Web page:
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Fiscal Union is Not the Answer: A Historical View of US and EU State Debt

by on March 27, 2012

Fiscal unity is not the answer to the Eurozone’s problems: credible future surpluses are. In his Nobel Lecture (only starts after 17:00), Thomas Sargent looks at two historical attitudes towards individual state debt in the US. His main message is that investors buying debt today have expectations on tomorrow’s future government surpluses.

USA: To bail-out or not to bail-out

After the War of Independence state bonds were trading at a significant discount. Many doubted whether the debt would be repaid in full. Hamilton and Washington decided to bail-out the state bonds in return for more centralized taxation. The main argument for the bail-out was that the debts were accrued for a federal cause (independence) and thus all states should share the cost. This was a clever political move as creditors would want a stronger central government to guarantee the repayment of the debts. This initially had strong positive economic effects as interest rates decreased with creditors expecting future federal surpluses.

The downside came in the early 1840’s.  Cheap credit  allowed many states to expand infrastructure and public services in their states. Eventually as recession hit investors noticed that the many projects did not have the anticipated returns and creditors doubted if they that they would be repaid as interest rates increased. Now the federal government decided not to bail the  indebted states out as it was deemed unfair for a state that had spent  its taxes on public works in its own state to be bailed out by other states taxes. The individuals in the more thrifty states had not had the benefit of the same expenditure on public works.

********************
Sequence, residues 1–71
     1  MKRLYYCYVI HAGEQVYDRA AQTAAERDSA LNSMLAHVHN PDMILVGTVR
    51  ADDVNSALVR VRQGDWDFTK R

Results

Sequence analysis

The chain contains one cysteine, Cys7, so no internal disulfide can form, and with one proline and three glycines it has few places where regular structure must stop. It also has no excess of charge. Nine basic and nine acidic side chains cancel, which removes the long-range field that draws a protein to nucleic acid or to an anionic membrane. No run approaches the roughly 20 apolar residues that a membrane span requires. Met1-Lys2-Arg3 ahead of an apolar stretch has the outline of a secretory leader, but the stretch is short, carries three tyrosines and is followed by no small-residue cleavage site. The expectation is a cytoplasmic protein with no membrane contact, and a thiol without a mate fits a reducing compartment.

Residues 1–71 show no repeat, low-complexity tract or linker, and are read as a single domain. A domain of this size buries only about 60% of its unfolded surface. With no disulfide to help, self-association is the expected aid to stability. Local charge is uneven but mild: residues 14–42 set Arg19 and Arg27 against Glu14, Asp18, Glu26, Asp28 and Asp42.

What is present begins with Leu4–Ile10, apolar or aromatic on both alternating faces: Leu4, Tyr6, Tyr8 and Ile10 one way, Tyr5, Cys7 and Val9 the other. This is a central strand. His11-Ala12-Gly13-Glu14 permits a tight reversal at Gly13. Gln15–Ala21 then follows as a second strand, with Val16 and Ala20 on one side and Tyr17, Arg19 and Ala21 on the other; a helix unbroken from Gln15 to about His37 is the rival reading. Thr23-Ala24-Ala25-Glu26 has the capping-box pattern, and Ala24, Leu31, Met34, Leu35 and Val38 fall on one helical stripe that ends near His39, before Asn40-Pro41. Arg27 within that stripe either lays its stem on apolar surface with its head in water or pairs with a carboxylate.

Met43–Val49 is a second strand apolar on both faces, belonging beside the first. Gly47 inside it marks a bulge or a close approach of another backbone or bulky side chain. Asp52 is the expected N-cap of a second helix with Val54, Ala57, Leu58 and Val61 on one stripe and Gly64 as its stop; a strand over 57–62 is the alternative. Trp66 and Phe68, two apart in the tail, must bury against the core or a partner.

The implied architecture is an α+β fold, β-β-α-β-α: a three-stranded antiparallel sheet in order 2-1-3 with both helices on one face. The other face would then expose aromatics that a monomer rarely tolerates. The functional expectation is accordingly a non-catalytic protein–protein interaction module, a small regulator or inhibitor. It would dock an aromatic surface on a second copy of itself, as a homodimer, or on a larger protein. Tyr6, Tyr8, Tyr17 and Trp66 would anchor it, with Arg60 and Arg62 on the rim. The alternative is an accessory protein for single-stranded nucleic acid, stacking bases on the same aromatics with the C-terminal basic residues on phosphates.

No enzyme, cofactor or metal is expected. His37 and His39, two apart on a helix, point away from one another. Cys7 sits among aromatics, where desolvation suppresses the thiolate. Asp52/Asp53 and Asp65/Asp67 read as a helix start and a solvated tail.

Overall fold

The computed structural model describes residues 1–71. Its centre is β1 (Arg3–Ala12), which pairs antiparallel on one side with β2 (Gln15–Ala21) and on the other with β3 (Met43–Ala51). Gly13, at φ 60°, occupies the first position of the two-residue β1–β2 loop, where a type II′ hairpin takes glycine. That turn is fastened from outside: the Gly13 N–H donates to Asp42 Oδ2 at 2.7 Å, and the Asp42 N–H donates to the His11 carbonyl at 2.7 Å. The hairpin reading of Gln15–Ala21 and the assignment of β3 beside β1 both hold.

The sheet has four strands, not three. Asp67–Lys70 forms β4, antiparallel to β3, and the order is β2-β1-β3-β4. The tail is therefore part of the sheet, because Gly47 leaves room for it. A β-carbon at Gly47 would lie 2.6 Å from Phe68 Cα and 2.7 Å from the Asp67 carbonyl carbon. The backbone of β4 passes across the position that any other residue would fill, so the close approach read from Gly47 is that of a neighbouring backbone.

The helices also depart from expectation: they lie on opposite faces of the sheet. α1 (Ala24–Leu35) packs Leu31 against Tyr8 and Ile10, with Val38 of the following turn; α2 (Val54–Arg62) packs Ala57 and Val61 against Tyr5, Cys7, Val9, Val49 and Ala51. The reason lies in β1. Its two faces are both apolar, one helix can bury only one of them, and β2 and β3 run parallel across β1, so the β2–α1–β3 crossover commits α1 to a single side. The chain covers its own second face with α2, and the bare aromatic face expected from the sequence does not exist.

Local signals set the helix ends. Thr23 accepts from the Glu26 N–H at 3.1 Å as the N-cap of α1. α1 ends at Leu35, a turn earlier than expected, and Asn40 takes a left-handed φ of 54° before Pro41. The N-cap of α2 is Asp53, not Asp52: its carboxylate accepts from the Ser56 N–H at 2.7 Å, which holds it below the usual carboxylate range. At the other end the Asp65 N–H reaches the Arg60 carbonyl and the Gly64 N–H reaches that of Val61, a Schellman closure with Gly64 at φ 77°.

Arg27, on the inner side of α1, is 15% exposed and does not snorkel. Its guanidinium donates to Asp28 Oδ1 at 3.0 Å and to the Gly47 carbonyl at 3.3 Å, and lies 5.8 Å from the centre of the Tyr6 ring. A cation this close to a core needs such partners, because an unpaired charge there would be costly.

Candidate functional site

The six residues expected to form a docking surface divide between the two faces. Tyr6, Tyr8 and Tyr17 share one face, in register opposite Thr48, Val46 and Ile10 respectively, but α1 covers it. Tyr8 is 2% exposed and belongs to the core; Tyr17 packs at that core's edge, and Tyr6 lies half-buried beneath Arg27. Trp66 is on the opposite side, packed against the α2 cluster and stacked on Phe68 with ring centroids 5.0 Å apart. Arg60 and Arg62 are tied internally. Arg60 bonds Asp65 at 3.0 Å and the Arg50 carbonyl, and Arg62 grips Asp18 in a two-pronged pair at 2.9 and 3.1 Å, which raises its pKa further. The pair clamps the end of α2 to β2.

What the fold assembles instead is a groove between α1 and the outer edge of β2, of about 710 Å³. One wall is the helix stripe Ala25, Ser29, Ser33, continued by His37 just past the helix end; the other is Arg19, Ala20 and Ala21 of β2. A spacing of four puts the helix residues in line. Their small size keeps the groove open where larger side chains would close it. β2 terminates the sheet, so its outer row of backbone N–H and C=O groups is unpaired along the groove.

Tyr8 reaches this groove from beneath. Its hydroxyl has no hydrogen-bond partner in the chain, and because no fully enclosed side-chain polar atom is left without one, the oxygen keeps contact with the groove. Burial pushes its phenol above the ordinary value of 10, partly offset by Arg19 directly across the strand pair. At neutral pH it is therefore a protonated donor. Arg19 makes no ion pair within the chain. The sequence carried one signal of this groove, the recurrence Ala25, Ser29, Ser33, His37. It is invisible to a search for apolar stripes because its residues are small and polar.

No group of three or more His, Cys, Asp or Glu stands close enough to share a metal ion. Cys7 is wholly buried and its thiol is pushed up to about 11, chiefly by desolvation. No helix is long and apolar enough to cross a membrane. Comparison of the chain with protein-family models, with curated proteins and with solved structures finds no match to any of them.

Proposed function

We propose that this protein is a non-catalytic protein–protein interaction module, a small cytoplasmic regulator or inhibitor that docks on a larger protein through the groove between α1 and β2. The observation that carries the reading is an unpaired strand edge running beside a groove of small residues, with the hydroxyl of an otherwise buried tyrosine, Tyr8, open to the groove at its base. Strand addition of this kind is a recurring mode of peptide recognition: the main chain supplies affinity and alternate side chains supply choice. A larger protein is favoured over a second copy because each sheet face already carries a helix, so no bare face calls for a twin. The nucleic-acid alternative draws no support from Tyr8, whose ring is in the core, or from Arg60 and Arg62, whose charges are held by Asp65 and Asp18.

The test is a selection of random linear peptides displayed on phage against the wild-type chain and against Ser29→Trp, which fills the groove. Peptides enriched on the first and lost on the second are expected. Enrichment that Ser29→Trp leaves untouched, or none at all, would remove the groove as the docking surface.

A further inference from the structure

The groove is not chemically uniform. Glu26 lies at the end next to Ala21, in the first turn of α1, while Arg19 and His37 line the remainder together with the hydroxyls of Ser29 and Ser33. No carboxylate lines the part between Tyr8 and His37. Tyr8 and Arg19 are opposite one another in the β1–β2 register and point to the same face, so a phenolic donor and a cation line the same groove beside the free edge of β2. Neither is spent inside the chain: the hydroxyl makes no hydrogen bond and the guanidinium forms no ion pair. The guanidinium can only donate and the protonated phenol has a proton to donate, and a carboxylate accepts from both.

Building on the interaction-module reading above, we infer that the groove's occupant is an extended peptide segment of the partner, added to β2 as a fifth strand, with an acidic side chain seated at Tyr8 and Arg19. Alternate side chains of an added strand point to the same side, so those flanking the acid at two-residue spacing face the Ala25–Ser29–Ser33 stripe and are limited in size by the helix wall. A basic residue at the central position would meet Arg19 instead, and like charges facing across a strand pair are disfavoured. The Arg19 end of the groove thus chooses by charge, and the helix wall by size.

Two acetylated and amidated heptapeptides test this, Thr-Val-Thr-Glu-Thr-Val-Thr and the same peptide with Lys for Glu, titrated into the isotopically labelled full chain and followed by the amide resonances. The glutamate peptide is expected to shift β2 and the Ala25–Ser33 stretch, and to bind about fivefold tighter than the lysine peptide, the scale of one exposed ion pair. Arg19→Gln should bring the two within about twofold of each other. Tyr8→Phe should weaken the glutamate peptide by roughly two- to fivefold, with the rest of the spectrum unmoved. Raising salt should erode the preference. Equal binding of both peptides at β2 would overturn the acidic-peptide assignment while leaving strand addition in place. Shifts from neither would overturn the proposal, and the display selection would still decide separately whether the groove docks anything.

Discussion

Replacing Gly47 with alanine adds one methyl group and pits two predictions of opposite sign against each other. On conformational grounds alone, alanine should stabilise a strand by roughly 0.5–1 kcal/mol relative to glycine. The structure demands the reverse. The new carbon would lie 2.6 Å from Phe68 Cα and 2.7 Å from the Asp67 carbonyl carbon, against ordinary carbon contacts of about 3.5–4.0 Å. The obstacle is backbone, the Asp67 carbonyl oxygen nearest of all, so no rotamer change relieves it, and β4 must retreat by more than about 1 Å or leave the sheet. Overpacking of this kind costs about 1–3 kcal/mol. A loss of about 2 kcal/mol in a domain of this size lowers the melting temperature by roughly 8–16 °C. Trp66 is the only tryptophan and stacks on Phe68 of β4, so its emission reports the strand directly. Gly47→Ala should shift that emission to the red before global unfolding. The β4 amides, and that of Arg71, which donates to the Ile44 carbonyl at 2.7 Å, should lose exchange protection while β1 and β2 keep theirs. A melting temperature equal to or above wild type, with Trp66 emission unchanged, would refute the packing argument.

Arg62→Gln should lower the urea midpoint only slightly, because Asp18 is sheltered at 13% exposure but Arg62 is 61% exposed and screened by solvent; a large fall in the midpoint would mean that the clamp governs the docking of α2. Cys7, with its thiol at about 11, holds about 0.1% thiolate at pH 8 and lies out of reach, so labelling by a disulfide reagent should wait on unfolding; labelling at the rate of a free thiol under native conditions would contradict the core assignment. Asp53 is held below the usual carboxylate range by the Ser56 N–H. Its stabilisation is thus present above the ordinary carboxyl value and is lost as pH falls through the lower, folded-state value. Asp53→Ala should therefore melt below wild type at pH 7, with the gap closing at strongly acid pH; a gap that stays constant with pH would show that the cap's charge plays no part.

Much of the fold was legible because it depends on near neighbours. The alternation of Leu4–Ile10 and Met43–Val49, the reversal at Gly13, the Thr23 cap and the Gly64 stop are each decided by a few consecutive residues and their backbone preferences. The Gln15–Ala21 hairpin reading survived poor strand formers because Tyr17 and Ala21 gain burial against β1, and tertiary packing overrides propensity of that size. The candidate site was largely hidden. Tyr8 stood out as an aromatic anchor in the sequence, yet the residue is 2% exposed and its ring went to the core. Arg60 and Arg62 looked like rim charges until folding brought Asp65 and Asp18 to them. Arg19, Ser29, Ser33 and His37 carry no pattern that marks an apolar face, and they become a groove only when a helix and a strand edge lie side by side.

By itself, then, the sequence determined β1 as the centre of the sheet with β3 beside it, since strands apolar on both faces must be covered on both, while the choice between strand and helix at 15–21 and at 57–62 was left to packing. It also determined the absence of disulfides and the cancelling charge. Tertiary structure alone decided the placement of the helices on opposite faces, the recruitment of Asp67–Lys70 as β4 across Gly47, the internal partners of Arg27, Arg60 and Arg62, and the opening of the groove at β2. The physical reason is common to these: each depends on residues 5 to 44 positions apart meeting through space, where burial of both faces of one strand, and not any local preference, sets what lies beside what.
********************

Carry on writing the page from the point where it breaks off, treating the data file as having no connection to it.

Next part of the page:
This came as a shock. Many investors had expected the federal government to bail-out the individual states. In addition many, especially foreign creditors, could not easily distinguish between different state debts, this led to some contagion and the federal bonds rate also increased.

The positive outcome was that states started to signal their own creditworthiness by including balanced budget amendments and signing other agreements. These agreements increased investors expectations of future surpluses and a decreased the rate of interest demanded on government debt.

Eurozone: Fiscal Union is a race to the bottom

The EU should not fall in the trap of a Fiscal Union. Fiscal Union increases moral hazard. The best strategy in a Fiscal Union is for every European country is to increase its debt and hope another country’s surpluses will cover it. This is a race to the bottom. We need a race to the top. Eurozone countries should compete in creditworthiness by signally future surpluses to investors.

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